top mfa creative writing programs in the world i really need to do my homework help in writing thesis essay on help the poor thesis about peace and order
Skip to main content

Finding Better People: Does Your Company’s Success Depend on It?


It’s important to find better people—your success depends on it. Better people will do the things your existing  employees are not doing today. Better people are more reliable and trustworthy and will take the initiative to do better work. These people will finally kiss your company’s problems goodbye. So, go find them and your issues will disappear—right?


While getting better people (more importantly, the right people) onto a team is critical, too often managers find themselves thinking that one thing—that silver bullet—will solve their problems. In the building services industry where people are the most critical part of companies’ success, business leaders can find themselves drawn into thinking: If I could only find better people or better train the ones I already have, my problems will go away. It makes sense. Better, more effective people can be a key to solving problems and delivering on promises made to customers. There is no doubt that getting the right people onto your team is important, yet that issue alone is not going to ensure success.


Now, if we replace the word “people” with “leaders” here, we uncover the real issue. Your success depends on leadership—effective leadership. Many companies are not filled with effective leaders. Effective leadership is about getting the right people onto your team. It is also about developing people, executing plans, and achieving goals. This, in turn, involves effectively teaching, communicating, supporting, solving, and being connected to your team. Leadership is not telling people what to do and expecting (or hoping) they’ll get it right.


Consider the following: company X hires a new employee and advises her of the building location, start time, and supervisor’s names. When the new employee arrives—a bit nervous, but excited—she is greeted by the supervisor and off-they-go. “Nice to meet you. Looks like we need to get you a company shirt. Let’s walk down to security and get you badged. On our way, I’ll give you a quick tour of the building areas you need to clean. There are two floors. You only need to clean the office areas—the production area is not included in our scope of work. Clean the bathrooms and breakroom areas; empty the trash; vacuum in front of the elevator; and, make sure the lobby mats and floors are clean. The dumpster is down this hallway. Your supply closet is down this side hallway. Here are the keys—the numbers coincide with the door locks. You get two 15-minute breaks and 30-minutes for lunch. Here’s my mobile number. Any questions? Cool—got-to-go. Remember, call me if you have any questions.” This happens. In fact, this happened. I’ve witnessed it first-hand.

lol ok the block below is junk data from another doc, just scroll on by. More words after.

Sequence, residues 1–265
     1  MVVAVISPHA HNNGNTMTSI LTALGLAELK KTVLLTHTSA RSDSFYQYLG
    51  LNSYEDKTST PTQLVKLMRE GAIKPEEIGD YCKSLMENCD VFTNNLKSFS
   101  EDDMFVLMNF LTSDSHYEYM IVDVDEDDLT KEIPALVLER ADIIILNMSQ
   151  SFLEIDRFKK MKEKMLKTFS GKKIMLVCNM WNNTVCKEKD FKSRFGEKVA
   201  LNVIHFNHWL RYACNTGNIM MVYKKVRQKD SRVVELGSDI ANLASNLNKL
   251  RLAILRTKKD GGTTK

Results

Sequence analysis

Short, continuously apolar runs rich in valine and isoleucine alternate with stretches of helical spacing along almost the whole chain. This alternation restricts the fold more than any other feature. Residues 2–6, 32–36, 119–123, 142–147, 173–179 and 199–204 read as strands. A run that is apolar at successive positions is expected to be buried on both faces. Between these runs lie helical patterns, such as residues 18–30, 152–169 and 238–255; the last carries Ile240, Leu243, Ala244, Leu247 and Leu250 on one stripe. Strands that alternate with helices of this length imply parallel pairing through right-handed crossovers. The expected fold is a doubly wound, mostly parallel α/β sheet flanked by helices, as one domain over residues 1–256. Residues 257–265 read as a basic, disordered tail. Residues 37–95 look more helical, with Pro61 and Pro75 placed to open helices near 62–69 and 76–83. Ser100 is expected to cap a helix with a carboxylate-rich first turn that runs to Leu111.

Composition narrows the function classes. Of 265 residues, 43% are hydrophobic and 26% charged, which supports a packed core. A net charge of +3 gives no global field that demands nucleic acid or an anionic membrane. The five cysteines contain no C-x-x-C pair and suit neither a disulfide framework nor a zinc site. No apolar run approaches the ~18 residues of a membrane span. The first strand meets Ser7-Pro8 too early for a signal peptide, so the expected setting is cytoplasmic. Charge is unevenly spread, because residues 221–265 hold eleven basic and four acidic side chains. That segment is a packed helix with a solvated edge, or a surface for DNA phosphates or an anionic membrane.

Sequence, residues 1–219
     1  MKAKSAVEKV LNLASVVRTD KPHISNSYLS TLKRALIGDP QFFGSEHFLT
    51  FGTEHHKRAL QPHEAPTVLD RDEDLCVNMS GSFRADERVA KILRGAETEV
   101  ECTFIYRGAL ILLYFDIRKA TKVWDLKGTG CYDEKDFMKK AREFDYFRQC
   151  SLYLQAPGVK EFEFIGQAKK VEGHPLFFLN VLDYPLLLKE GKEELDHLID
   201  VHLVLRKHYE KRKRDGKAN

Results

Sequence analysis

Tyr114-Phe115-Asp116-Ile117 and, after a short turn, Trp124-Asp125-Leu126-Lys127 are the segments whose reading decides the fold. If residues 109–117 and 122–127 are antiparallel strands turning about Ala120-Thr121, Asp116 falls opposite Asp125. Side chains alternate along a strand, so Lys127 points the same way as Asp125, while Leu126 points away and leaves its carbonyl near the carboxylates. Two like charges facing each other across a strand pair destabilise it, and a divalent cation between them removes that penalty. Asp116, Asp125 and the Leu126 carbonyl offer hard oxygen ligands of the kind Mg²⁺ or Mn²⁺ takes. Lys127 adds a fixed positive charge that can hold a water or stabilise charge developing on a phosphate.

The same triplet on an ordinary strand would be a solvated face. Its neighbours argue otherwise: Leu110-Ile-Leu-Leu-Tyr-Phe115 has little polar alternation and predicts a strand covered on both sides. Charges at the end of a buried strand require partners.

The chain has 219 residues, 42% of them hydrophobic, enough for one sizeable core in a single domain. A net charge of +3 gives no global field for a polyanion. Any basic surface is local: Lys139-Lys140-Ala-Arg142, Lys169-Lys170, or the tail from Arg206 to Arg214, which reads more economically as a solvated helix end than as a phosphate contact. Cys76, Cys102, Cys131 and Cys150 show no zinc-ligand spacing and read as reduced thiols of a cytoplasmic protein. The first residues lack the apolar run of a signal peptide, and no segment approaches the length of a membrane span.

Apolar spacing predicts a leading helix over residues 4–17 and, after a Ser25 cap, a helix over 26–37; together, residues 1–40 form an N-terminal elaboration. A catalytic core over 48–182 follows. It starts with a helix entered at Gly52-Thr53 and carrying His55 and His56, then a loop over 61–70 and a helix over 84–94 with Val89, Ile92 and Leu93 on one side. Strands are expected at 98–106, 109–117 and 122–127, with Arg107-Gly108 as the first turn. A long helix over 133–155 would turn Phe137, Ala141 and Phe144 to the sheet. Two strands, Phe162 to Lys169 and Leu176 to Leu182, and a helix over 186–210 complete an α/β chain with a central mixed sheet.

So, how do you think this new employee did their first night? She had no prior experience. Do you think she stayed the entire shift—or got frustrated and left? She had all the qualities you look for—reliability, trustworthiness, and a strong work ethic—and was a big upgrade from the person you just let go. Do you think your customer is going to buy another one of your excuses after failing to complete the work—again?


Getting the right people onto your team is important. Yet, everything you do after you hire them is more important.


Teach Good People How to Succeed



Your ability to deliver on the promises you make to your customers involve a lot of factors, not the least of which is getting the right people and teaching them how to succeed. Think about what it takes to deliver the promise you’ve made to your customers—people, tools and equipment, training, a game plan, and leadership. Here are some points to consider in order to fulfill that promise:


  • People: Find the right people. It’s not easy to do, but it is essential. Hire people that are reliable, trustworthy and motivated with a strong work ethic.
  • Products, Tools, and Equipment: Equip your people with the right cleaning products, tools, and equipment to do their work. Teach them about the products they’ll be using and show them how to properly use their cleaning tools and equipment. Don’t assume people know how to use the products and tools or that they’ll figure things out on their own.
  • Processes and Training: People want to know what to do and how to do it. Teach them how to clean, what steps to follow, and what you expect. Don’t assume people will know what to do.
  • Communicate and Execute a Plan: Your plan is the commitment you have made to your customer. Your people need to know what is expected of you and of them—the scope of the work, the specific requirements, and the task. Following the completion of every job, inspect the work. Then, make sure things get done as you’ve promised your customer they will.
  • Effective Leadership: Your role as a leader is to teach people how to succeed by preparing them to do their work, communicating plans, supporting their efforts, fixing problems as they arise, and staying connected. As an effective leader, it is important to be well-versed in the work you and your team do by showing your team what to do, how to do it, and what you expect. People look to you for leadership and direction and must know they can count on and trust you.


Your success does depend on finding the right people. It also depends on teaching the right people. There is no silver bullet that will fix your problems or ensure your success, so start thinking about success differently. Your success begins with the right leadership.


By Brian L’Heureux, Division Manager, Spartan Chemical Company